You find that when you start this game, kids who were tense in the beginning when they learned that they would be doing creative writing, are now happy, relaxed, and more than a little fired up. The pressure is off. This is fun!

The game part offers students a setting and a plot to use in their stories if they don't have any ideas of their own of what to write. But it is also a great lure. They don't realize that they already have been writing a story just by playing the game. The only thing they haven't done is translate it into words on paper.

Now here's the catch. The only way their characters can move up levels in the game is to put words on paper. Words are like money. They're very valuable. The more they use, the stronger their characters become. Kids understand the process of moving up levels. It's the basis of every video game they play. This is something they're quite familiar with. I'm not particular about what words they use at first. And I never check their spelling or grammar.

The only rule is that whatever they're writing has to be something they're willing to read aloud (maybe just to me, or maybe to the group). Kids won't write nonsense if they have to read it aloud. They'll write stories or poetry that matter to them. They'll also hear the flaws in their own work as they read it verbally. It will bother them enough that they'll want to improve the words so they sound better. And THAT'S where the mechanics come into play.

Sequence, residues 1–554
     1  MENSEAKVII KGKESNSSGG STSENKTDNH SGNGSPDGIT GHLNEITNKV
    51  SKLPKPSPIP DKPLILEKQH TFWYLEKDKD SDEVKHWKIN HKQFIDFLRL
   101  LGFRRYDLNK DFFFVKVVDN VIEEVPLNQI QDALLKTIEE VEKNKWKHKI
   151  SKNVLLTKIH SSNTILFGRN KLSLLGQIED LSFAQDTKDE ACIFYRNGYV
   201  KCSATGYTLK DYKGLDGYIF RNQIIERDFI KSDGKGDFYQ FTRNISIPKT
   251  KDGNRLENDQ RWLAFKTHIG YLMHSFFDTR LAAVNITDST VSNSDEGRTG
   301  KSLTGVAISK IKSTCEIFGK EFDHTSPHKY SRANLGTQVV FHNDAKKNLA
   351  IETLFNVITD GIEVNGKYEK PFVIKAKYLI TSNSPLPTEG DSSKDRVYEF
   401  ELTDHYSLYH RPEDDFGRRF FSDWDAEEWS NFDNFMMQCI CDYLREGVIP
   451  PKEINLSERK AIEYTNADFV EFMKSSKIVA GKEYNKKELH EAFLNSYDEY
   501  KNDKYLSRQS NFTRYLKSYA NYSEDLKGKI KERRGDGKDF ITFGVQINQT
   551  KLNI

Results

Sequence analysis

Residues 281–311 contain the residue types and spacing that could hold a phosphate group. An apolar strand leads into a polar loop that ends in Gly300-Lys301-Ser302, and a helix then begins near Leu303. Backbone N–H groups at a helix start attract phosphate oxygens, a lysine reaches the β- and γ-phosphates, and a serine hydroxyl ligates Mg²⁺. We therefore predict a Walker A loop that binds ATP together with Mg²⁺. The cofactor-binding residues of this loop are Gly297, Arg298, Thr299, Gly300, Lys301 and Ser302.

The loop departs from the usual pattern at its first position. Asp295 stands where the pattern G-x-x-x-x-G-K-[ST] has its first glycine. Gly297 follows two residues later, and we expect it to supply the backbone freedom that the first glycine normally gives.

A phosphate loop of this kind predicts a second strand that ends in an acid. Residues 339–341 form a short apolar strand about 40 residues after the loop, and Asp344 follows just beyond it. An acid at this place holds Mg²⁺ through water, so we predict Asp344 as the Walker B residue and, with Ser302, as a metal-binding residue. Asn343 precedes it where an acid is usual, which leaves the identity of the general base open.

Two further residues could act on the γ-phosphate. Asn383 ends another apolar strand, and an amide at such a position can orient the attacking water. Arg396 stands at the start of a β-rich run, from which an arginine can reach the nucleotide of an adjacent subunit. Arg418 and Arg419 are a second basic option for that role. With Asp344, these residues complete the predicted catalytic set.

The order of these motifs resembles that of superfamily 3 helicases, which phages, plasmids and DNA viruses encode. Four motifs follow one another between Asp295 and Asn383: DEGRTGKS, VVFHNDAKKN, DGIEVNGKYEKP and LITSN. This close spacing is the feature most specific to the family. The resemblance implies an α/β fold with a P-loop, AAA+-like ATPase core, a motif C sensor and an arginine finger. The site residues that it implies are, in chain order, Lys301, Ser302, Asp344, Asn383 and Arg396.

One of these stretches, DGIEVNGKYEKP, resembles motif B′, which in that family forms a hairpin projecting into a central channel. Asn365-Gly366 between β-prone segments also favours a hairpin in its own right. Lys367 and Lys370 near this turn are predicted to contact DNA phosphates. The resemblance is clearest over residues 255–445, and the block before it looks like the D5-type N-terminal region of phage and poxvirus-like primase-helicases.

Much later, in the second or third draft of their story at a time when they've come to care about the words that are on their paper. When they want it to not only sound good but look good as well. That's when I teach the more advanced writing technique concepts to show them that there are millions of ways to manipulate words to get exactly what you want out of them. I like to show them how many fun ways there are to add depth to their work so that others will cherish the stories that they write.

The only way you can get children to care about written mechanics (unless they're natural writers who are self-driven) is to get them to care about the stories they've created first. Writing is an emotional process. If you're not emotionally attached to your characters and your story, you're certainly not going to care if it looks good on paper or not.

To summarize, in the game, the volume of words written is the key to moving up levels. Children will care more about these words because they have to write something they'd be proud to read aloud. The editing and mechanics come in later once they're hooked enough on their stories to seek out ways to perfect them. Finally, if they're really into learning all they can, they are taught the art form of writing (adding symbolism and metaphor to give the words depth and meaning), but not all kids will make it to this stage. Only the real writers will, which is how it should be anyway. Just like only the real mathematicians will make it to quantum mechanics.

It's teaching writing backwards. But it works to turn non-writers into writers like nothing else out there.

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More information on the Legends of Druidawn creative writing curriculum.